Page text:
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Jul 18th
Home Sections Health and Medicine Filipino Nurses in America
Filipino Nurses in America PDF Print E-mail
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Sections - Health and Medicine
Tuesday, 18 September 2007 02:57

The Filipino nurses in the United States are the most-noticeable Filipino professionals in America. They work mostly in hospitals, especially in the states of New York, New Jersey, Texas, Illinois, Arizona, Florida, California, Hawaii and even Alaska. In California alone, it is estimated that one-third of all the nurses are Filipino Americans. Every hospital or convalescent home has at least one Filipino nurse as a member of the staff. In the Philippines, if you say "NURSE" you are referring to a Registered Nurse, which is the professional designation after a four-year BSN degree AND passing the RN Examination. In the United States, it is very common that an associate degree holder (two-year course) can take the state RN Examination and if she passes it, she becomes an RN. Many RNs, however, proceed to finish their BSN (additional two years) simply because the salary of the RN with a BSN degree is higher than the RN without the Bachelor's degree.

Below the RN level, is another nursing category called Licensed Vocational Nurse (LVN) and below it is the Certified Nursing Attendant (CNA). There is no midwife, as a nursing designation, in the United States for the last 40 years or so. Up to the 1970s CNAs were called nurses aide (female) or orderly (male) and could be person who wanted to work and were paid the minimum wage of about $2.00 per hour. This year (2000), the minimum wage is now almost $6.00 an hour, plus any overtime pay, about ten paid holidays a year, health insurance and retirement benefits in many hospitals and convalescent (nursing) homes. To be able to hire, as it hard to get nursing employees, hospitals compete in offering very competitive compensation packages and even give incentive bonuses to their existing employees to encourage their friends to work in the same hospital. With the graying of America, the health-care industry will continue to expand, a phenomenon that explains why recruiters from the United States go to countries like India or the Philippines.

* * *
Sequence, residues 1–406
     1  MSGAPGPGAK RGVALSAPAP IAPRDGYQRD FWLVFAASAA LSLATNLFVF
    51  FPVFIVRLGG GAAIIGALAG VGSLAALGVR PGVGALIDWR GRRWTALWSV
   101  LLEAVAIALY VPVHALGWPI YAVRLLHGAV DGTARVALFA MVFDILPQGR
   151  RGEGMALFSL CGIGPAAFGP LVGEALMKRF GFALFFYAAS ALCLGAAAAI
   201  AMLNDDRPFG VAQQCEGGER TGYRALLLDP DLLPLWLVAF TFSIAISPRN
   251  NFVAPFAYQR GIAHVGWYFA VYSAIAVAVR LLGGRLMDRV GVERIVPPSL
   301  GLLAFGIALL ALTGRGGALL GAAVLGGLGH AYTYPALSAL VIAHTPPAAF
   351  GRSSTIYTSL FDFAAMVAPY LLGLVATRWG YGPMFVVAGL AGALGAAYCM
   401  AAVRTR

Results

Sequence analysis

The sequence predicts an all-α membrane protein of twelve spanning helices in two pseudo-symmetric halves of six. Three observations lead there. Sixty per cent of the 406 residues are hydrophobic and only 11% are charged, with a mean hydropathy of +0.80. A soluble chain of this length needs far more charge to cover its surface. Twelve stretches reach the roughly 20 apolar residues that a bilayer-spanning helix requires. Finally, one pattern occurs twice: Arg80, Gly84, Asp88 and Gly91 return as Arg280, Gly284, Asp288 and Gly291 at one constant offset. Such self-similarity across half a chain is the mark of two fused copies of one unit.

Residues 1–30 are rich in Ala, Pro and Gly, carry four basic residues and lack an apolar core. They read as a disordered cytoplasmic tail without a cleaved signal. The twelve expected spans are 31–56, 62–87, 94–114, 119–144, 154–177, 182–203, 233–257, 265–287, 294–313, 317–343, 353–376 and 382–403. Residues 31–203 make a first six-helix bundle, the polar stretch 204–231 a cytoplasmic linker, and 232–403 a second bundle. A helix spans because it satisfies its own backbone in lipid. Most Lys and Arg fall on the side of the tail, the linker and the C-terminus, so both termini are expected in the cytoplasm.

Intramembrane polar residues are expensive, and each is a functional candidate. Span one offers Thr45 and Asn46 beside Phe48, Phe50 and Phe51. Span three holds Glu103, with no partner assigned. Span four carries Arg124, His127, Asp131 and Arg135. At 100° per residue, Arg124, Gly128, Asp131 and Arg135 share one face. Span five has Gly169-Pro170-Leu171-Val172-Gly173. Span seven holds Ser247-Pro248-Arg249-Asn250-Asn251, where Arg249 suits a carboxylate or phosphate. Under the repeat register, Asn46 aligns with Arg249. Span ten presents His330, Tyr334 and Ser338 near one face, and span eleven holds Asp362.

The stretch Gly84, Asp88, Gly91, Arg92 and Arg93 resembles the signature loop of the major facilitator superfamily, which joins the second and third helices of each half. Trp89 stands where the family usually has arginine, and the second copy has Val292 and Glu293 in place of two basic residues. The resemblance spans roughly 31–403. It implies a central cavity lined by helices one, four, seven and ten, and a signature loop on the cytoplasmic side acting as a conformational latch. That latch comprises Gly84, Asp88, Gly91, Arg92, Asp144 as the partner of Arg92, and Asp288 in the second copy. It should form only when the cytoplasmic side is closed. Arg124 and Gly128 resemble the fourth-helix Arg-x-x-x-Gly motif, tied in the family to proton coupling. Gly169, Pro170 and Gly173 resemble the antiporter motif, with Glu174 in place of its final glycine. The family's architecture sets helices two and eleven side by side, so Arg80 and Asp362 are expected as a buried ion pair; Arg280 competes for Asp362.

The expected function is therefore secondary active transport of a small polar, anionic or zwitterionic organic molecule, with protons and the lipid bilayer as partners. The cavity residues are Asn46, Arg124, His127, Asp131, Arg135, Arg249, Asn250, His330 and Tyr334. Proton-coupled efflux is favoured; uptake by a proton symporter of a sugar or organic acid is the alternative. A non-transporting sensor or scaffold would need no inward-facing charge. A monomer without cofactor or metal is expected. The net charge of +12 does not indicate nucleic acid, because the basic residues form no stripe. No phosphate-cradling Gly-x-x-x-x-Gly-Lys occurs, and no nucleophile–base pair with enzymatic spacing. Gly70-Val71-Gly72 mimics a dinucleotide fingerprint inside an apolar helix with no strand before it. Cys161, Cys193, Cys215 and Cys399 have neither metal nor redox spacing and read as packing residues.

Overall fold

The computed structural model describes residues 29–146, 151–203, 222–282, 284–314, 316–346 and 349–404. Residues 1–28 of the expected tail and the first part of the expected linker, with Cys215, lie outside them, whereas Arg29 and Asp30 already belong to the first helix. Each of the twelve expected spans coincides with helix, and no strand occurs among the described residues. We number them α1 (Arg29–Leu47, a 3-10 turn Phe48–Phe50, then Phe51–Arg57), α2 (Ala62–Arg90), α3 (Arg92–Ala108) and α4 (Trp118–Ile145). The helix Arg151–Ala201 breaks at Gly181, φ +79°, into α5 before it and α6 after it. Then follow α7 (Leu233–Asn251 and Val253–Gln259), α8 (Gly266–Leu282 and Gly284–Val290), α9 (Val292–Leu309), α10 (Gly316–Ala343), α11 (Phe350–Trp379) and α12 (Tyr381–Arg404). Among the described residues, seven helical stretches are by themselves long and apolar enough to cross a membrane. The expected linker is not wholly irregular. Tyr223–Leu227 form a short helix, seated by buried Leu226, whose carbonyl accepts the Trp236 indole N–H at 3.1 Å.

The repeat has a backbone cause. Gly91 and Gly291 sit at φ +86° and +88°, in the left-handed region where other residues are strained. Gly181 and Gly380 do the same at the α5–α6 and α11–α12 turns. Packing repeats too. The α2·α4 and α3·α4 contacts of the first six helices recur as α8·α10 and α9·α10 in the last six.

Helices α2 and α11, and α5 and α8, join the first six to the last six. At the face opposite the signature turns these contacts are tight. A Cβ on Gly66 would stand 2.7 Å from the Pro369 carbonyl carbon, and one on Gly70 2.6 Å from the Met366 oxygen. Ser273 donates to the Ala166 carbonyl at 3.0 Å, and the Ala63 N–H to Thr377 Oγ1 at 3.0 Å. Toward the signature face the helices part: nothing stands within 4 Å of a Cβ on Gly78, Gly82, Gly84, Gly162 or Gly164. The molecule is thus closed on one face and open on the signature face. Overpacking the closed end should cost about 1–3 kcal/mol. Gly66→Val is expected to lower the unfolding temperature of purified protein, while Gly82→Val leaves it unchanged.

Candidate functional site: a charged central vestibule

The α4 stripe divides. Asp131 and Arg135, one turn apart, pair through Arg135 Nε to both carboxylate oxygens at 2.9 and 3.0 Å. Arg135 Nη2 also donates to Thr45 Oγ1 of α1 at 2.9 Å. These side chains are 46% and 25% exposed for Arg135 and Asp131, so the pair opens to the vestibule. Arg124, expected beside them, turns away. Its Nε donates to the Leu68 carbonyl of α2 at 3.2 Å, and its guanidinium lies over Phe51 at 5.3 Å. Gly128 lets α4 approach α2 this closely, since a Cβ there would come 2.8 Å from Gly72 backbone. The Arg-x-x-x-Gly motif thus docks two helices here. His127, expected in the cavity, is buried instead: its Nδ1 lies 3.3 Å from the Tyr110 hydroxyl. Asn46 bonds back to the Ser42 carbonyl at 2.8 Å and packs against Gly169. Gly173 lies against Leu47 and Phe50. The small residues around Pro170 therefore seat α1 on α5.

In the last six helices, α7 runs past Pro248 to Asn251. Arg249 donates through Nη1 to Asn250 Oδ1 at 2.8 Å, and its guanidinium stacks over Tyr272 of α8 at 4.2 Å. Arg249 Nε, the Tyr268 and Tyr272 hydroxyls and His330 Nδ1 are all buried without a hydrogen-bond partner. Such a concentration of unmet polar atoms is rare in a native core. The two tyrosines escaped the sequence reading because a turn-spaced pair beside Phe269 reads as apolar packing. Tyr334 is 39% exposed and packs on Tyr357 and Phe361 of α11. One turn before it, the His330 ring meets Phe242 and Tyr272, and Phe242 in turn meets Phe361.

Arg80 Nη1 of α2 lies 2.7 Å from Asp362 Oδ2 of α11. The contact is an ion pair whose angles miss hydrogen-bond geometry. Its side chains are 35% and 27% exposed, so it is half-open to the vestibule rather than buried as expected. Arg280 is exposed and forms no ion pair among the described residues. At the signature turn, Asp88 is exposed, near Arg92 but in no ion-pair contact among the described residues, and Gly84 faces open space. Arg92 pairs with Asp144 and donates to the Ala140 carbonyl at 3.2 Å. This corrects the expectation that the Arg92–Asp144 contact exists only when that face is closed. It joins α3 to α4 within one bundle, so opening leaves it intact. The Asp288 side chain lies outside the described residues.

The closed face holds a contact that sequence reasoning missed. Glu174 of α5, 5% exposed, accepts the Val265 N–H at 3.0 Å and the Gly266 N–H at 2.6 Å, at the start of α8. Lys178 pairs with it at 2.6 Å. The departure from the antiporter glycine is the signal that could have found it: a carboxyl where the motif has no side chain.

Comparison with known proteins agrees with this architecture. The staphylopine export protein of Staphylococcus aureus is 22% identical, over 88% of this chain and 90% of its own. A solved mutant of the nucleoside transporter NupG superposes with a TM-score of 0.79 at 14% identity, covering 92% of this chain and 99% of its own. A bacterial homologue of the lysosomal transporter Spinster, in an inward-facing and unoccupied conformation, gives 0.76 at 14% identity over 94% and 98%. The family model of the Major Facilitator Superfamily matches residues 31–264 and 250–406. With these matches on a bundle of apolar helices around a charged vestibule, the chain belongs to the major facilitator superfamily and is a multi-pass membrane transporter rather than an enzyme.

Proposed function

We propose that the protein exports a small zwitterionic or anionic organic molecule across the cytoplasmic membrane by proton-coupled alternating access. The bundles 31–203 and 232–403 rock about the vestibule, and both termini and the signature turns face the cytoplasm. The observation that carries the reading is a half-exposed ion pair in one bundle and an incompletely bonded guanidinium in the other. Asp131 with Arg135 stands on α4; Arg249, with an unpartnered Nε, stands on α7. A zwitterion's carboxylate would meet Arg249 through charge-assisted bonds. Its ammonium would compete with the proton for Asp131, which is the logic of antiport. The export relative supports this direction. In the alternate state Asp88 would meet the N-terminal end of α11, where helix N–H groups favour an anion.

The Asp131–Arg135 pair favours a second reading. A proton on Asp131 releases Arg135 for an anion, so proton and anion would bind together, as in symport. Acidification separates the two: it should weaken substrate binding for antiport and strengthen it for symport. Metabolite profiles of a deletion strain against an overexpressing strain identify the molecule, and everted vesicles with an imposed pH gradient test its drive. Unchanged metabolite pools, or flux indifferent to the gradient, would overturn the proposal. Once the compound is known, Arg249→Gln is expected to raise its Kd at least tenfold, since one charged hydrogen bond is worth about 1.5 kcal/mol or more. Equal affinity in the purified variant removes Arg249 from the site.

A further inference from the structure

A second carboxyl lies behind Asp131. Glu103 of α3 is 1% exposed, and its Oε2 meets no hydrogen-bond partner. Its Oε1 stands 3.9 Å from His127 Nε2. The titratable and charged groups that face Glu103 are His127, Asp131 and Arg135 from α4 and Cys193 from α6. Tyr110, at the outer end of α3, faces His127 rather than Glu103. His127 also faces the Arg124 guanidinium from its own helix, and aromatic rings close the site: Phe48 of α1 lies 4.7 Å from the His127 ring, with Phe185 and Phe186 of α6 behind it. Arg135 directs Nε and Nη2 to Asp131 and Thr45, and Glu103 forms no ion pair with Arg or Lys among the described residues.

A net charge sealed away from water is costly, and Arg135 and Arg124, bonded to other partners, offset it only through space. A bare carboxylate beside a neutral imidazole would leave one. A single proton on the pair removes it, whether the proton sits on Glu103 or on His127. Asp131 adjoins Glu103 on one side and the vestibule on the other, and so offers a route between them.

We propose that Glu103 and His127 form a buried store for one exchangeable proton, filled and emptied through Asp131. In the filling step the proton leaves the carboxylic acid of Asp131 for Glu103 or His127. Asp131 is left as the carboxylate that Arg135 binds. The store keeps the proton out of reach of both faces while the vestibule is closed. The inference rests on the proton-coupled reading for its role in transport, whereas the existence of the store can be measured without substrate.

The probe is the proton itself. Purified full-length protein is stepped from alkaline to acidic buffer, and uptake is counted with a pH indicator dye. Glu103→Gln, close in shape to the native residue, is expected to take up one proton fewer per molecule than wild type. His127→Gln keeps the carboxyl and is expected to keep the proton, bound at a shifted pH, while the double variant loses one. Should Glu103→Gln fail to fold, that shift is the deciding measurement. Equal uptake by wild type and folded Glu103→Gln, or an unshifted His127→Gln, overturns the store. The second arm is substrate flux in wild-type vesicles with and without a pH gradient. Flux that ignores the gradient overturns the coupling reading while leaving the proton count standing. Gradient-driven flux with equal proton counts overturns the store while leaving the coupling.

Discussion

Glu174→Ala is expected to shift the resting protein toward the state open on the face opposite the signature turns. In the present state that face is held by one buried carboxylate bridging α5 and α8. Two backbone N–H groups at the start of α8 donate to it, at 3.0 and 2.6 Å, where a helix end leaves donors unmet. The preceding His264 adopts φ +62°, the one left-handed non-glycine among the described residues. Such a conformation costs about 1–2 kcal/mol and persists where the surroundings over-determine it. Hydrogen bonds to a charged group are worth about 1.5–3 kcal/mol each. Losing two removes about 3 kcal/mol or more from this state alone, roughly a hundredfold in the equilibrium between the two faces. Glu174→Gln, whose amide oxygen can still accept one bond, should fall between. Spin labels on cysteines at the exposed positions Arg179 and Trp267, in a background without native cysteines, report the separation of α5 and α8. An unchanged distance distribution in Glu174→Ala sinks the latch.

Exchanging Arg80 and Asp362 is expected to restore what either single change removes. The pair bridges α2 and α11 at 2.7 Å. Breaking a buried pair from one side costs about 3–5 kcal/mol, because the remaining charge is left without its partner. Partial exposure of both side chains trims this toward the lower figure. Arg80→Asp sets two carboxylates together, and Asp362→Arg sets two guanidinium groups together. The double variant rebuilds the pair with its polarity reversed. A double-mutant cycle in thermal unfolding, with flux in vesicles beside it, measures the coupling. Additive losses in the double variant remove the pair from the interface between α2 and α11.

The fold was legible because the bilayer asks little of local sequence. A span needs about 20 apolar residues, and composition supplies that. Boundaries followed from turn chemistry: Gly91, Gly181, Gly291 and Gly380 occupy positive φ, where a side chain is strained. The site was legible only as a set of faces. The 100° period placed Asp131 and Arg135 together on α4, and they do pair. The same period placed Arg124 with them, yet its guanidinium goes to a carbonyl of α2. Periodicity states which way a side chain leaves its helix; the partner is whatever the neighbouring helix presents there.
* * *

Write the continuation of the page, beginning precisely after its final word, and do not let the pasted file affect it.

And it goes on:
Many nurses work in big hospitals - like Cedars Sinai Medical Center in Beverly Hills, Good Samaritan Hospital, many Kaiser Permanente Hospitals, Brotman Medical Center, Harbor-UCLA Medical Center, LAC-USC Medical Center, Children's Hospital, City of Hope, and many other hospitals in metropolitan Los Angeles - where salary and fringe benefits tend to be better that most. However, many also work in nursing homes where 24 hours care are given to the sick, elderly, psychiatric or Alzheimer patients.

The last 20 years, many states in order to cut government health-care costs started to license private homes as board-and-care facilities, where the homeowner (or lessee of the house), after some required hours of instructions and certification is given a license as board-and-care administrator/operators. Once the house is inspected by the state that it has complied with all the fire, health and safety regulations, the board-and-care operator can legally accept "boarders" or patients who are normally the elderly, developmentally disabled (the politically-correct term for the mentally retarded) or even Alzheimer patients. Many Filipino-American families now own board-and-care homes facilities simply because they do not have to have formal nursing or medical degrees to operate one, and many succeed financially because the board-and-care payment for one patient can range from $800 (elderly and normally under welfare) to $3,000 per month (for a wealthy private patient). Oftentimes, the family-operator also lives in the same house. For many couples that are not educated, the income they earn by operating one or more board and care facilities is very good. I have some clients now who became rich by operating multiple board-and-care facilities and have given other "unemployable" Filipinos job as live-in caretakers. The typical home is licensed for 4 to 6 patients or residents. (By way of comparison, a board-and-care home is likened to a board-and-lodging house in Sampaloc District of Manila where the landlady accepts university students as boarders for a flat fee every month.)